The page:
Just over half (56 percent) of employees eligible to participate in the their annual benefits open enrollment period last year felt “very confident” they’ll make the right decisions for themselves and their families this year, according to MetLife’s Benefits Election Poll. In contrast, nearly two-thirds of those who actively reviewed information last enrollment season felt “very confident” about making the right decisions this year.
The poll, sponsored by group insurance provider MetLife, was conducted Sept. 28-30, 2012, among U.S. full- and part-time workers age 18 and older.
A Time for Action
Encourage employees to take full advantage of the benefits being offered and discounts available through group pricing, advised Todd Katz, MetLife executive vice president, in a media statement. For instance, drive home the message that, “This is a once-a-year opportunity for employees to maximize their total compensation package by selecting benefits options that meet their specific needs,” he noted.
The poll found that approximately one in five workers who had the opportunity to participate in open enrollment last year failed to act and defaulted to the prior year’s choices or their employer’s default choices, potentially forfeiting savings by leaving “money on the table.” Men (24 percent) were twice as likely as women (12 percent) to fail to act.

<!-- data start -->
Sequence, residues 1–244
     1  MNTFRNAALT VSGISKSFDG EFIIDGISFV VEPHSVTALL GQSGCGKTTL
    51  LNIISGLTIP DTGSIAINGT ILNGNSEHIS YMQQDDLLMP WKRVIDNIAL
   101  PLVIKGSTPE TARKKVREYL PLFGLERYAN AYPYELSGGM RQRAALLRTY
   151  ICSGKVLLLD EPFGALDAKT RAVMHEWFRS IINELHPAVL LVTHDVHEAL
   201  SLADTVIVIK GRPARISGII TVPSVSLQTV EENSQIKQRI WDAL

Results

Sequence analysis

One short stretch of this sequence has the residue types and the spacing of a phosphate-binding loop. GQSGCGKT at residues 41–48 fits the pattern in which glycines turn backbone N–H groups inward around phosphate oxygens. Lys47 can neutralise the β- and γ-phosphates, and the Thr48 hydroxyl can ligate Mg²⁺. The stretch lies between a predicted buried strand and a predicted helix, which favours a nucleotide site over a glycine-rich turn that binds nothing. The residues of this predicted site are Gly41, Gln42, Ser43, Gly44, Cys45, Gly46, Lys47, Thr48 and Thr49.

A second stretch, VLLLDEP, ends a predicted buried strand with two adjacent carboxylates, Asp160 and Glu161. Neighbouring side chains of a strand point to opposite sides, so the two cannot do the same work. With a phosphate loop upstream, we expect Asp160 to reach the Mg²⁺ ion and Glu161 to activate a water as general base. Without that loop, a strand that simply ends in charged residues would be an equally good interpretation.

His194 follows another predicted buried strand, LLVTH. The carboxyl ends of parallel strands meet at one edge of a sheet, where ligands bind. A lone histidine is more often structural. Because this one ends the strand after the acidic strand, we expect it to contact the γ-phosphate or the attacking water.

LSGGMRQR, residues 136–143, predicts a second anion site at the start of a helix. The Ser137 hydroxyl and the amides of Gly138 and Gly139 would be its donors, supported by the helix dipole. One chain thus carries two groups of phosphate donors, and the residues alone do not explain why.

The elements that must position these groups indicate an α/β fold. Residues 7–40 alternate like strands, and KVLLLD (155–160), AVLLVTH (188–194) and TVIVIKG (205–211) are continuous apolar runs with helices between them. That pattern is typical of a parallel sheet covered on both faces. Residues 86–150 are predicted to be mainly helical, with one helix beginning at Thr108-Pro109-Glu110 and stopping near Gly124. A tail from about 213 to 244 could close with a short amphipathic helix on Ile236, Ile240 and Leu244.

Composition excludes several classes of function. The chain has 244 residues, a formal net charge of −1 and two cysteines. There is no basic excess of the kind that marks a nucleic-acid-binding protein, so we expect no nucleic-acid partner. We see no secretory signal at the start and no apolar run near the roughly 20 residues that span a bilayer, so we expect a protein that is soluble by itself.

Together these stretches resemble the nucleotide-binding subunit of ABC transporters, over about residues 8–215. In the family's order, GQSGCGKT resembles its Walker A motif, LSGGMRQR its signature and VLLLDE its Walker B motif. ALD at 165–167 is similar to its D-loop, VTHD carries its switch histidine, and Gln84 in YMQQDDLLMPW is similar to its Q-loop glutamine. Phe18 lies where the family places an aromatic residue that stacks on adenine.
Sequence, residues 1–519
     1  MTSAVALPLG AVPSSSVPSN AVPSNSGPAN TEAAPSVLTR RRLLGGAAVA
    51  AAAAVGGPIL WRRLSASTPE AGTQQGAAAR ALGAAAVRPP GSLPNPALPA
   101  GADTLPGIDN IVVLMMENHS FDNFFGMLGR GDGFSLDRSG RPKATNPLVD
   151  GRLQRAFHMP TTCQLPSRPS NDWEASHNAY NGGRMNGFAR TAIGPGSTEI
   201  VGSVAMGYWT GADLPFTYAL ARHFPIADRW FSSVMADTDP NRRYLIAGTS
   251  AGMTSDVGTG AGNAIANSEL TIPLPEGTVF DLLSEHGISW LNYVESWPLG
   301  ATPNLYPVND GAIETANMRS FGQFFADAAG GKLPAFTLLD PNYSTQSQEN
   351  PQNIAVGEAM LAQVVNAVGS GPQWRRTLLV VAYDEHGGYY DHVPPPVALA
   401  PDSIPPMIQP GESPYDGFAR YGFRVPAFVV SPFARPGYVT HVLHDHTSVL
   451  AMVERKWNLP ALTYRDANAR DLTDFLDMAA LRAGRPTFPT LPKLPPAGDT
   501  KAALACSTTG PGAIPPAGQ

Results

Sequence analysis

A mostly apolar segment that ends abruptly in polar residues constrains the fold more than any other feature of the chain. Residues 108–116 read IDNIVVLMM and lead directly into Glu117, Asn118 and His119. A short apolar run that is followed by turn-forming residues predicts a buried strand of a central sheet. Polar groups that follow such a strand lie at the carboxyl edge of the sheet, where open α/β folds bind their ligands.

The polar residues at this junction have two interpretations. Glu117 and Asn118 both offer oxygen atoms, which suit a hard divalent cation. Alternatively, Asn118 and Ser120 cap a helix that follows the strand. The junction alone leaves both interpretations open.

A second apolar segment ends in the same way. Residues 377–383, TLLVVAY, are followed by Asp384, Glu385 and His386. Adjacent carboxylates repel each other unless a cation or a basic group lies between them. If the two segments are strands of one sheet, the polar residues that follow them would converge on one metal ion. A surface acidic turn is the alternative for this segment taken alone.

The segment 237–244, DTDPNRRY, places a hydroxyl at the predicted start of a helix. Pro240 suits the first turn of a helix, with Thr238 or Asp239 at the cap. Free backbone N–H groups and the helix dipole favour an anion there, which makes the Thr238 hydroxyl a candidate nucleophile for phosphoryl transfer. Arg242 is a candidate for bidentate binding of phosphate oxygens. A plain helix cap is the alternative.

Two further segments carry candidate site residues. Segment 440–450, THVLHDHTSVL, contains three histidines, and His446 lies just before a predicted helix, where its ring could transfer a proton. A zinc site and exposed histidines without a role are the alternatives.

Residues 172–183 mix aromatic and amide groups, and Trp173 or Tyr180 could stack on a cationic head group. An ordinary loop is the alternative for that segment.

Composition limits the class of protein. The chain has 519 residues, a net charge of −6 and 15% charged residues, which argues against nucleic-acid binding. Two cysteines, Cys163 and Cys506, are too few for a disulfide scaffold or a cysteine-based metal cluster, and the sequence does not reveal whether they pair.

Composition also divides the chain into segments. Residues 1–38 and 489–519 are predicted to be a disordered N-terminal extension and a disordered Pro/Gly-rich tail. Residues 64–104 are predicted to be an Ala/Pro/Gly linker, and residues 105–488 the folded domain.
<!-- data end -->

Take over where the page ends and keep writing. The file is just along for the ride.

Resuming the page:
Moreover, the poll revealed the following:
• Unaware workers stick with the status quo. The more actively employees review their benefits materials, the more likely they are to make changes; for instance, just 43 percent of those who actively reviewed materials deliberately kept the same options vs. 58 percent who reviewed them only briefly.
Advice: Remind employees that benefit offerings often change from year to year and new options may be added, so it’s important that they read enrollment materials and confirm whether their current selections remain the most appropriate.
• Saving is an eye opener. Sixty-eight percent of workers reported that they would spend more time reviewing enrollment materials if they knew they could save money buying group products vs. individual coverage.
Advice: Remind employees of the savings potential from workplace benefits and that it pays to be a savvy shopper at the office, as well as at home.
“There are obvious out-of-pocket cost savings by using group plans with in-network dental, medical and vision providers,” said Katz, and some employers also offer opportunities to save on auto insurance, homeowners insurance and even attorney fees. For example, MetLife found that those who elected auto insurance through work, when available, saved on average 28 percent.